Good to hear its fixed.
Hi Louis and Rowland,
A big thank you for pushing me to continue this. Thanks to your help,
things are working as they should, and that one would expect. For the
curious, the final smb.conf for the Samba member server is below this
What I did, was to implement the smb.conf I got from Rowland. As I do
not want *any* Samba users logging on with ssh, the template
/dev/null, and template shell = /bin/nologin.
The other option is, setup a group in windows give it a GID and put the group in ssh.
For example i use it 3 ways, like this:
AllowGroups sftp-customer servers-ssh sshgroup
I use MySecureShell for my SFTP users, and these must exist in the sftp-customers group. ( a windows group with GID )
The servers-ssh is use to allow logins.
The sshgroup is the backup group with only linux members in them, admins only.
Working like that you can control everything from within the AD.
Your option also works, in case you want to enable it, you need to adjust the smb.conf.
I only add a user to a group.
Think whats best for you, you deside.
After that, I created the /data/samba/profiles directory, set the
ownership, and permissions according to Louis' instructions above. I
also checked up and made sure that only BUILTIN\Administrators
SeDiskOperatorPrivilege, SeSecurityPrivilege, and
SeTakeOwnershipPrivilege had got those privileges set. Domain Admins
inherit this from BUILTIN\Administrators, so there is no point in
setting this for Domain Admins.
The rest was made through Windows Computer Management.
What is different from the Samba Wiki, is the default share
It's set to Everyone with full privileges. It definitely has got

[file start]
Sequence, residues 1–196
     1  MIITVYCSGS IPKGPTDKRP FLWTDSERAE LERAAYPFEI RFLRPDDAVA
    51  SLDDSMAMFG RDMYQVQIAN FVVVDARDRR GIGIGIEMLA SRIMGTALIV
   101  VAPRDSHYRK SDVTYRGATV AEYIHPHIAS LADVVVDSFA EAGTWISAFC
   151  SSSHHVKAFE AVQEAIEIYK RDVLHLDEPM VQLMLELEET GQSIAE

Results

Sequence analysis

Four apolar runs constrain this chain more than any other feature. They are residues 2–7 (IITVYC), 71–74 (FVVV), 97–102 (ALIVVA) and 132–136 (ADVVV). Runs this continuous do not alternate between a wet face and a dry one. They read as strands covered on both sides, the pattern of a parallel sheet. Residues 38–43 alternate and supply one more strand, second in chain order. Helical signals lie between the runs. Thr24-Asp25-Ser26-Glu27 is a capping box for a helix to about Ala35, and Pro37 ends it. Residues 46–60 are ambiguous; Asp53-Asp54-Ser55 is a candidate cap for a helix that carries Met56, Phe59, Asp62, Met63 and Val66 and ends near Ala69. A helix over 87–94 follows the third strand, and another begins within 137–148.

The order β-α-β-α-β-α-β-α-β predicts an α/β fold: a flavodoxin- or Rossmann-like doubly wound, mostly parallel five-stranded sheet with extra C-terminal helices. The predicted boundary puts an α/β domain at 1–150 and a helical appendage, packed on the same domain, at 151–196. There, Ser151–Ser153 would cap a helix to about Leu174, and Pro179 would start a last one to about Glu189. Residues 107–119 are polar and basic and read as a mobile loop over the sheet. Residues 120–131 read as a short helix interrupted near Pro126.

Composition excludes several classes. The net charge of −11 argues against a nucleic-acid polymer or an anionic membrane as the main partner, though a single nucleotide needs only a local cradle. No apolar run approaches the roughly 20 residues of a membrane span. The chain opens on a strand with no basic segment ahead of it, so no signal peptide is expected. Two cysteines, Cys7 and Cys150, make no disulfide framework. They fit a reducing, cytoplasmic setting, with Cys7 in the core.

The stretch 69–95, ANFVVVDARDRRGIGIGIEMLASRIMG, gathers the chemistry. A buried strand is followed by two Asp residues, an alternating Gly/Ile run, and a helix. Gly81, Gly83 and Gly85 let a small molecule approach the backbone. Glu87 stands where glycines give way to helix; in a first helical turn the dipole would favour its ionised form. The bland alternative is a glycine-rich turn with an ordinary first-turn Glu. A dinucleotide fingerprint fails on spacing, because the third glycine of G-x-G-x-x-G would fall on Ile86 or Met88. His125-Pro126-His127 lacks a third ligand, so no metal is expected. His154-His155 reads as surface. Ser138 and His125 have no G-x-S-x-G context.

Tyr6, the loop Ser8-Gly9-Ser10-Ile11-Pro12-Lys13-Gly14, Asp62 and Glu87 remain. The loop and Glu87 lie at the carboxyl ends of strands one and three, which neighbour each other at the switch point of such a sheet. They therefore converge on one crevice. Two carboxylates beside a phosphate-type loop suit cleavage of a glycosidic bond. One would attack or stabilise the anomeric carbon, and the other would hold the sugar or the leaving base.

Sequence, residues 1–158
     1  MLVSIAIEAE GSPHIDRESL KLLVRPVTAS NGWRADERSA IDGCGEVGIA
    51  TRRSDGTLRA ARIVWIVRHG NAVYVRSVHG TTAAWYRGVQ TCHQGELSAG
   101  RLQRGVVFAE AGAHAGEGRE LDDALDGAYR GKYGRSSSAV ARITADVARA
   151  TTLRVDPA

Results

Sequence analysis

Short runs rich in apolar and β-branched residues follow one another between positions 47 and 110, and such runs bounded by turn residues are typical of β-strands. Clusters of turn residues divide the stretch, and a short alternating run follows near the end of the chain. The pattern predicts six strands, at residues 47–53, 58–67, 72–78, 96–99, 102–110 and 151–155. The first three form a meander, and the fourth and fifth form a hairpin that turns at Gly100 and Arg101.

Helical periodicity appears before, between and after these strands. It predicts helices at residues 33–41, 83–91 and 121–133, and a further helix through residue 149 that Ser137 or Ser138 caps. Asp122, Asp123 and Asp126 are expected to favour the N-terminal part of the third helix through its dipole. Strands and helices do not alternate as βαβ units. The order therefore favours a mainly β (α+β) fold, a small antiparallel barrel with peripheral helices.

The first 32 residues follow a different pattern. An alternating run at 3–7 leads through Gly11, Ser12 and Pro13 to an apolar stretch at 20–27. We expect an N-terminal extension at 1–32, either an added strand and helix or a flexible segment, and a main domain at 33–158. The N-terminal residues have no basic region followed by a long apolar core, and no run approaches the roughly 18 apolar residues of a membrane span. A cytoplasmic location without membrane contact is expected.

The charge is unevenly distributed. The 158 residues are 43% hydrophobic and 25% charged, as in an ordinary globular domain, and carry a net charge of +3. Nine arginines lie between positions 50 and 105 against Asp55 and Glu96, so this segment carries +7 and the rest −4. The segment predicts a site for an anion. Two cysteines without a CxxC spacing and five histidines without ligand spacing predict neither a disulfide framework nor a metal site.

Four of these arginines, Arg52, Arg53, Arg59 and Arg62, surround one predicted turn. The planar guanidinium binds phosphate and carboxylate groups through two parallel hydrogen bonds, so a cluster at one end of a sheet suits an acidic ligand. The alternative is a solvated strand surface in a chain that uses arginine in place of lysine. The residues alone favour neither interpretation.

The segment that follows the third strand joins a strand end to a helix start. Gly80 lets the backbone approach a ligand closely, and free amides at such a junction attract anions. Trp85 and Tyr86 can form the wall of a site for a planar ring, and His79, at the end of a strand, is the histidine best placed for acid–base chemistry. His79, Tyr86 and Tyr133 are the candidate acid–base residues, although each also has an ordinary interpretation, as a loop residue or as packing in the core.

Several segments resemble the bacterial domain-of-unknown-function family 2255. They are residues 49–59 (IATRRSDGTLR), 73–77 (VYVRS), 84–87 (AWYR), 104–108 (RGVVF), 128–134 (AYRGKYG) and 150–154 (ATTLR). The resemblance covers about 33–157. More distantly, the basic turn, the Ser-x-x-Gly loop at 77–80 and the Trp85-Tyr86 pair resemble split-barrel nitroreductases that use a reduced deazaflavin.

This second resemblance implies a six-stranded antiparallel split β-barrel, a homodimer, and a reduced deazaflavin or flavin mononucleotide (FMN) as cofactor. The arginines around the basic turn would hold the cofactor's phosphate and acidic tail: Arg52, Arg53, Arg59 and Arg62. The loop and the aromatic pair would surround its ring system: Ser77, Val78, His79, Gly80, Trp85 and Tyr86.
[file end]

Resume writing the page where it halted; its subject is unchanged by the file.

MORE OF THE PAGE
implications, if something else is set (probably for the worse).
You have 2-3 options here to setup.
- Use everyone. Restricting the folder rights is key here to protect you network.
- Setup with "authenticated users" , you need more groups and you might to change (default) GPO settings.
- Only custom groups, same as authenticated users but more todo.
Best tip here is, just setup as windows does, then it just works. ( keep everyone )
Further on, in the security tab, everything was setup
according to the
Wiki. Testing the share, it behaves exactly as expected.
After that, I
assigned roaming profiles to a couple of users through the
in the ADUC tool (\\smbtest\Profiles$\<username>). Worked
the book. The profile folder is not displayed when browsing
(the $ sign), and if it's an advanced user who knows the
trick with the
$-sign, no other folder than the user's own profile folder is
You can use: browseable = no also.
That hides the share and no need for the $.
This might help if you have cifs connections and scripting things.
Profiles are correctly created, retrieved and stored at logon
When checking the folders, all ownerships are set correctly. There is
just one crucial point, however. Always keep the default share owner
(unix root). Never mix in the Administrator account in the shares. At
least in my setup, it seems Samba sometimes uses Administrator, and
sometimes root when setting ownership, and permissions. Stick to root
keeping ownership of the share.
I can suggest even a few extra tips.
Create a new user : Admin, add him on to the domain admins, and give him a UID
Set as the normal Administrator and now use only Admin.
Done and now you never encounter the root/Administrator problems.
I follow these few rules.
I use Administrator for my windows management things on only one pc. DNS RSAT GPOS etc.
Why, because of username map = /etc/samba/user.map.
More explained, Administrator is mapped to root (vicaversa) and on linux you need root not admin.
I use Admin for regular thing to manage pc's printers etc.
do note, due to above this account cannot mananage linux, or you need to add the mapping. I have separated that.
If you add the mapping, dont forget the SePrivileges and the assigned users/groups with that.
I never use root, and it has login disable.
Thanks a lot to those who have contributed to the success! Great work!